An overview of Embedded Systems Debugging

Keywords: Embedded systems, GDB, Debugger, Software Break Points, Hardware Break Points, Watch Points

“A debugger is a computer program which may or may not be assisted by some hardware and is used to test and debug other Programs.”

Embedded Systems are resource limited complex hardware running software on some deep embedded processor with no USER interface normally. Debuggers have very old memories with software development processes. Where there is some software development, there will be bugs and when there are bugs, there will be some debuggers. Debugging in Embedded Systems emerged from native Desktop application debugging. In Desktop Computers, applications run under an OS where the program execution and debugging is under the control of OS Kernel and managed by System Calls.

When it comes to debugging Embedded Systems, the whole process can’t be seen as one big picture like in most UNIX like Systems where the link between a Tracer (program used for debugging) and a Tracee (program being debugged) is simply a matter of few System Calls like ptrace. In Embedded Systems, due to lack of ptrace like systems calls, the link is achieved by various techniques ranging from debug stubs/monitors to onchip debug silicon hardware.

In Embedded Systems there are two main bright sides of debuggers and debugging process – Figure-1. The focus can be narrowed down to either side depending from which perspective the debugging is analyzed. The focus of this tutorial is on left side i.e. from embedded software developer perspective though we will touch the right side briefly. In the next tutorial we will discuss how Debug events are handled by Systems Calls in UNIX like Operating Systems.

Figure-1: Embedded System debugging perspectives

Embedded Processors usually comes with two states, i.e. Debug State and Program Execution State. In the Debug State, Processors allow to:

  • Trace Execution
  • Inspect Memory Contents
  • Observe Core Registers
  • Halt/Resume Execution
  • Reset Processor
  • Set Break Points and Watch Points

In Debug State there are three main agents involved and the whole debugging process is all about their inter-working.

  1. The Front End Program – Running on Host Computer Side
  2. The Back End Program – Running on Target Processor
  3. The Communication Link
Figure-2: Debugging main components [1]

Out of the above three, the various combination and their variants of last two has made embedded systems debugging techniques evolved over the past decades. All these techniques share same principal (See bellow “The big Picture”) and are based on the above three main agents. The main difference are improvements that made the debugging process more efficient over time.

1. Debugging Process – The big Picture

As we mentioned earlier and shown in Figure-2, the debugging process in embedded systems involves the Front End, the Back End and the communication channel between the two. The debugging process starts with the Front-End Program running on Host Computer. The Front-End program is human interface GUIs consisting of various sub-windows providing various informations like Registers contents, variables, current program execution etc. etc. on the target hardware. Common examples of such programs are Eclipse CDT, DDD, STrace etc.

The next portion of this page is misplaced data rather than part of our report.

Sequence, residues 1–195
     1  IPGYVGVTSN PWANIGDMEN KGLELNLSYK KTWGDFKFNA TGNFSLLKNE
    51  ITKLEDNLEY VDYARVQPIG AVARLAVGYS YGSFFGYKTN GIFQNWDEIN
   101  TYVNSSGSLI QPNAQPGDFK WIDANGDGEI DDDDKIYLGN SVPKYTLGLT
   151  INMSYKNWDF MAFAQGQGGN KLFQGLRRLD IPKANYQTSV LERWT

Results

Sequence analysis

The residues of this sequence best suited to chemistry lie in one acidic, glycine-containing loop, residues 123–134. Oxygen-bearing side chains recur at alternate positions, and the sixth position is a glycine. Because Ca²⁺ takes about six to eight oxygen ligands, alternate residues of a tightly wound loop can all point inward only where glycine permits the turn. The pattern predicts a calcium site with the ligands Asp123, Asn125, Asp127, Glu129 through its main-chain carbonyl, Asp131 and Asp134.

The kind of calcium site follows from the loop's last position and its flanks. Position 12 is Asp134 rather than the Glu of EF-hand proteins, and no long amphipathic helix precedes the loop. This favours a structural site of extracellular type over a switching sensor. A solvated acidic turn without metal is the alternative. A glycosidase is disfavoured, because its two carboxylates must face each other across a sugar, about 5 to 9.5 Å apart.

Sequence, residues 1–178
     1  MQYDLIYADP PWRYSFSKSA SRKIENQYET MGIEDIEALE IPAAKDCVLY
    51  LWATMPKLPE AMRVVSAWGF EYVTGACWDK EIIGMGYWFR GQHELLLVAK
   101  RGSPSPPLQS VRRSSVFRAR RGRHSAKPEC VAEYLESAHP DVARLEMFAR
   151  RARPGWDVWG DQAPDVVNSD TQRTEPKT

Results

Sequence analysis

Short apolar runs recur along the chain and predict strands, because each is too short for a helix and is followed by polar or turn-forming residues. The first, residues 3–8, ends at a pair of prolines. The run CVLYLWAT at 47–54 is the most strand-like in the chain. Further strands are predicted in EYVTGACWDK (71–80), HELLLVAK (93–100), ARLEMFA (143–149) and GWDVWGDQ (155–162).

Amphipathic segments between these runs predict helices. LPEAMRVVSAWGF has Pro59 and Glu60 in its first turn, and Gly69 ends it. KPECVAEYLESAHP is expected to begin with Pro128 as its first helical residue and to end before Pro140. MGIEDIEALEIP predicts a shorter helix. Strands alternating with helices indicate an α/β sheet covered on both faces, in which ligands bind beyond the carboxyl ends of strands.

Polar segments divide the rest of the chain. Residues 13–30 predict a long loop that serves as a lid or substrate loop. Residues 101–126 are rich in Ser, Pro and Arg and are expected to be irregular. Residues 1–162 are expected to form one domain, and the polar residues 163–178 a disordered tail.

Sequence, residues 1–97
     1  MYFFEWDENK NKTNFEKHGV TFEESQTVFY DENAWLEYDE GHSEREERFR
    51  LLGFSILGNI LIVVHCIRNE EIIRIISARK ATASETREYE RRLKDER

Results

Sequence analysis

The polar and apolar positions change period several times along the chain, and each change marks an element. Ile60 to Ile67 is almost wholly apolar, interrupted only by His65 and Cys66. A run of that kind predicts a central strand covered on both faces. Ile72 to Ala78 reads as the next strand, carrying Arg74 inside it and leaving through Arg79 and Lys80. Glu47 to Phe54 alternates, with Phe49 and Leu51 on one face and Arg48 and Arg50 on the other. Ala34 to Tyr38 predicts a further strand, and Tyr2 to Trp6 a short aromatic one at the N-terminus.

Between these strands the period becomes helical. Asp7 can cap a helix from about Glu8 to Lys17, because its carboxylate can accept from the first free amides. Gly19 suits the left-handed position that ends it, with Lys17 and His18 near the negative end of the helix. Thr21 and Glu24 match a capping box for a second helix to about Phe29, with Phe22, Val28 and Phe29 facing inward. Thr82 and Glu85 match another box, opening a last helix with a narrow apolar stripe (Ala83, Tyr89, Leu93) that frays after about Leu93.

Figure-3: Debugger Front-End DDD

The Front-End is not just a GUI, its equipped with some background debugging script/programs on top of which it runs. For example a Single-Step button will invoke Single-Stepping script/command which will be sent over the Communication Channel to the Back-End agent running on remote target – Figure-4. Before Embedded Systems, most of these Front-End assisting scripts/programs were meant to be used for native debugging i.e. debugging programs on the same computer via System Calls. Later they were equipped with cross-platform and remote debugging capabilities. One such script/program example is GNU debugger (gdb).

Figure-4: Front-End background script/program

The Back-End is what evolved over time. It can be either in the form of a tiny software placed in internal onchip memory (either by you or manufacturer) e.g. Debug Monitor / Debug Stub (early ages approach) or it can be some debug assisting on chip hardware e.g. onchip-debugger (new approach). The purpose of Back-End is to provide low-level control of target processor debug functionalities like setting breakpoints, reading registers/memory contents, reseting processor, single-stepping etc.

Both the Front-End and Back-End agrees on a common communication protocol and set of commands/ responses which they use to perform platform specific debug operations. The purpose of Back-End is to respond to Front-End commands. For example a user may want to examine contents of a specific register. The Front-End may sends command like read register x and the Back-End will respond with register x data which will subsequently be displayed in Front-End GUI.